(Tribune News Service) — A team of University of Colorado Boulder researchers has its hands full for the next five years — at least — as they work to advance and monitor the next generation of space vehicles, especially those that will travel to the moon as space commercialization becomes a thing of the present.

"Commercial activity in and around the moon is increasing exponentially right now and is forecasted to do so for the next several decades," said Marcus Holzinger, an associate professor in the Ann and H.J. Smead Department of Aerospace Engineering Sciences at CU Boulder.

In July, CU Boulder was awarded a $5.54 million cooperative agreement with the Air Force Research Laboratory to begin research that will look at three main elements: space domain awareness, or the capacity to detect, track and identify objects and debris in space; artificial intelligence, or spacecraft autonomy; and hypersonics. The project, which began this past fall, includes about 10 Ph.D. and postdoctoral students with various expertise — one of the many exciting aspects of this project, said Morteza Lahijanian, an assistant professor with CU Boulder's aerospace engineering department.

"The project really brings together many disciplines under one umbrella, and that's really cool because to have full autonomy, we need to understand different disciplines," said Lahijanian, who is leading the spacecraft autonomy portion of the project.

For this project, Holzinger is focused on space domain awareness, which is the region in, around and affected by the Earth-moon-sun system.

"Improving space domain awareness makes it easier to operate commercially in space," he said. "It also makes space fundamentally safer, and it also makes the geopolitics of space safer, so the basic premise is the better the information, the better the quality of decisions that are made. Where we come in is with many of the algorithms or approaches that we use to keep track of all of the space debris and active space objects in an orbit right now."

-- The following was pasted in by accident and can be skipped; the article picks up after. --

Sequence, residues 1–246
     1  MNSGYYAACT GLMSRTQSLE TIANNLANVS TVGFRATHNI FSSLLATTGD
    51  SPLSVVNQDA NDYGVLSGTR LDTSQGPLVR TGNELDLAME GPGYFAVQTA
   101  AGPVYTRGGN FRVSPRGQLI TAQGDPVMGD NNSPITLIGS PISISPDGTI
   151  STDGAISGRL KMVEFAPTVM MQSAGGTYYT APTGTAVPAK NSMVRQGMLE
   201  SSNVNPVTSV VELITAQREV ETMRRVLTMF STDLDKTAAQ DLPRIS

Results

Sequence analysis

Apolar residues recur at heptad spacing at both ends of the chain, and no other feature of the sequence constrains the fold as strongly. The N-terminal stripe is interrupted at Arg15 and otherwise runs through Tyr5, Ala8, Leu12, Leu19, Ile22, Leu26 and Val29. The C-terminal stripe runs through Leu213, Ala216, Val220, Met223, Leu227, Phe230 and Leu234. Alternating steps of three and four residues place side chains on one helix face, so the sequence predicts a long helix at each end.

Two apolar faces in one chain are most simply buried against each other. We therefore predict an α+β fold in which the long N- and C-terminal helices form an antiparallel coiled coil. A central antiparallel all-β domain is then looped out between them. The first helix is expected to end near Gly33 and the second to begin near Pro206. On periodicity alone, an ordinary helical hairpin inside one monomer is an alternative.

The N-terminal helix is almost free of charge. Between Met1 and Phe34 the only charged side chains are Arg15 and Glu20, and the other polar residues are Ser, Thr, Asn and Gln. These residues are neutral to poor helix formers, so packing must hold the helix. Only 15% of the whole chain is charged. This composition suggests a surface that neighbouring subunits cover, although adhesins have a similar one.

The other element of the project being explored is hypersonic systems, which operate faster than the speed of sound. To complete this work, CU Boulder researchers are studying how a vehicle behaves during hypersonic flight — when gasses surrounding it can reach between 3,000 and 5,000 degrees Fahrenheit, according to the Small Business Innovation Research and Small Business Technology Transfer programs.

The third goal of the project — spacecraft autonomy — is under Lahijanian's jurisdiction.

The goal for this project is to transition satellite operations from human control to autonomous control in order to eventually eliminate errors, which are usually human-caused, and reduce costs to enable further space exploration.

"Currently, the way it's done is that we have a human operator on the ground looking at all the orbits that each satellite is on and deciding what each satellite should do by hand and then sending that command to the satellites," Lahijanian said. "We want to automate the whole thing, and we want to be able for the humans just to say, 'These are the things I want you to do' and send a message to just one of the satellites and then this should be able to communicate with all of the satellites, and they all decide how to execute these tasks autonomously in the best manner."

The project is more than just an expanded partnership with the Air Force though. For Holzinger, it's personally motivating.

"I think there are tangible benefits to society, and I think that deep down really motivates all of the students and us faculty," he said.

(c)2023 the Daily Camera (Boulder, Colo.)

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